The news couldnt be much worse: New Orleans Inspector General Bob Cerasoli is leaving. He will return home to Boston today (Friday, Jan. 30) for health reasons. Somehow I cant help feeling his personal cancer scare so far, the growths detected and removed from his neck have not been malignant are metaphoric of the cancer inflicted upon city government by official corruption, incompetence and arrogance. This is indeed a sad day in New Orleans, but I cannot blame Mr. Cerasoli one bit for wanting to be near his family at this time. We should instead be grateful that he gave us the time and energy that he has.
One thing I learned from Hurricane Katrina is that bad news isnt final. In the aftermath of the storm, I was constantly amazed at how, not long after bad news arrived, somehow something good came of it. I know this may sound Pollyannish, but I swear it happened time and again in those dark days after Katrina. Bad stuff would happen, it would knock me for a loop, and then usually after I decided I needed to deal with whatever was in front of me at the time something amazingly good would happen. I hope thats the case for the Inspector Generals Office and the citys Ethics Review Board.
Bob Cerasoli set a high standard. He gave us a template for what the office must become. He taught us to demand more and better from our elected officials. He set things in motion. Above all, he gave us hope. We owe it to him and ourselves to keep his drive alive. He always said this effort was not about him, but about the job and the need for transparency, integrity and accountability at City Hall. Now its up to us to make sure his words prove true.
The citys Ethics Review Board chairman, Loyola University President Rev. Kevin Wildes, issued a statement praising Mr. Cerasoli and announcing his interim replacement. It reads in part:
I have asked Leonard C. Odom, First Assistant for Criminal Investigations, to serve as interim inspector general. Leonards career as an inspector general is long and distinguished.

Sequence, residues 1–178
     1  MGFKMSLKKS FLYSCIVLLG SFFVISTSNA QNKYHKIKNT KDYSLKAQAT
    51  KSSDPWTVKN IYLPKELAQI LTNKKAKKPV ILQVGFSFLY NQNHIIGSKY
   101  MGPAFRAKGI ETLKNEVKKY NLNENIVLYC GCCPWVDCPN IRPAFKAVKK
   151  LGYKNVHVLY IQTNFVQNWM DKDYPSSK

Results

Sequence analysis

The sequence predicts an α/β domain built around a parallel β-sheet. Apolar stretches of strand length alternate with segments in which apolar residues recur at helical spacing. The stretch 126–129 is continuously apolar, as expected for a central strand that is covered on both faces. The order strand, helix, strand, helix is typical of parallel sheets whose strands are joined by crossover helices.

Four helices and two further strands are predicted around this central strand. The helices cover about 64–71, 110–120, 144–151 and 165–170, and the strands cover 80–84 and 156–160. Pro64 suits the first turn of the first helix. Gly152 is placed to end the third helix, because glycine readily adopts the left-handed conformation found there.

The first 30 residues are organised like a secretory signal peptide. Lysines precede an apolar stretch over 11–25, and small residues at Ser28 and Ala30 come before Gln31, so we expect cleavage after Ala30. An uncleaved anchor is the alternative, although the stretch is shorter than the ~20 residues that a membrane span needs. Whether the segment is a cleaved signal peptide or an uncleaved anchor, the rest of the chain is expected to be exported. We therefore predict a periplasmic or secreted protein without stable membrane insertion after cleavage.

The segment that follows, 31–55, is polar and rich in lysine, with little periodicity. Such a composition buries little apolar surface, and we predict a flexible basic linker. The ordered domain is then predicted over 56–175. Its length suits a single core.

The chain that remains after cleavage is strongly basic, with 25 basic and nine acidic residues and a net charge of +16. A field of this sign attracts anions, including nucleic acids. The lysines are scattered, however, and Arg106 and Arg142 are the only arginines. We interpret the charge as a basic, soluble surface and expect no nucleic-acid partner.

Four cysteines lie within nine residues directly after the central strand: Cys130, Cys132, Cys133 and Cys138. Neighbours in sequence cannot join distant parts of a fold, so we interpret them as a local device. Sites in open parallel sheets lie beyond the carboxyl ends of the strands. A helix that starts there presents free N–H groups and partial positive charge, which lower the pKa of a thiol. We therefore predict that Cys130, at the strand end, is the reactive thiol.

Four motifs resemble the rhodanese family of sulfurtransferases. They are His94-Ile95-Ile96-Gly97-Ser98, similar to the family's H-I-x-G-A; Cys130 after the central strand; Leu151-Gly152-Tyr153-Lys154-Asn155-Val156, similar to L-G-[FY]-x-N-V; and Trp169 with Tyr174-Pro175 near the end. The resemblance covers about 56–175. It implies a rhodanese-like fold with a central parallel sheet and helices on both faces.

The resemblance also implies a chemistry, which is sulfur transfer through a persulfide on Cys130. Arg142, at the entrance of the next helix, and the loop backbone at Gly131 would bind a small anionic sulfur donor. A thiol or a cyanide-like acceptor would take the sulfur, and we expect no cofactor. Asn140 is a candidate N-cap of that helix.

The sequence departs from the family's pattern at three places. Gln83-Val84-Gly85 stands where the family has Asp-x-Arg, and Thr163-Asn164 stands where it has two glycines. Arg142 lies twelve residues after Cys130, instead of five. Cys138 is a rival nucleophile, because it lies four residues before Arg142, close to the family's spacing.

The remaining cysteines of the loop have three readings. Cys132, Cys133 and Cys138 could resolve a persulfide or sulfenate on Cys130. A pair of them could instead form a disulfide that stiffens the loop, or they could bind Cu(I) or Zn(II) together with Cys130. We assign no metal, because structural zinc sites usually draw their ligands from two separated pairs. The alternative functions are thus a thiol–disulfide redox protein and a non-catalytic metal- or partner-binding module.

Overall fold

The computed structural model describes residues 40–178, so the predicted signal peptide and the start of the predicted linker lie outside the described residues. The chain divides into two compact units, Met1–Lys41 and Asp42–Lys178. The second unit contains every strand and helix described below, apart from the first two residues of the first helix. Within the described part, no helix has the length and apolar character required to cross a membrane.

He has more than 30 years of experience in management; income tax and internal affairs investigations; knowledge of financial, performance and compliance audits; fraud, political corruption and contractor fraud investigations; internal safety and security; ethics programs and general investigations.
Leonard is a member of the board of directors of the National Association of Inspectors General and has served as its president for the past two years. Previously, he has served as Inspector General for the Chicago Housing Authority (CHA); Regional Inspector General of Investigations for the U.S. Department of Treasury; and Assistant Chief, Internal Revenue Service, Criminal Investigations Division, in Cincinnati, Ohio. Most recently, he served in the Inspector Generals Office of Washington, D.C. as Assistant Inspector General for Investigations.
The New Orleans Ethics Review Board will begin a national search immediately to fill the position of City Inspector General. As the ordinance specifies, we will only consider someone who is a Certified Inspector General.
Good luck and God bless, Mr. Cerasoli. And thank you for giving us hope. That is the greatest legacy you could have given us.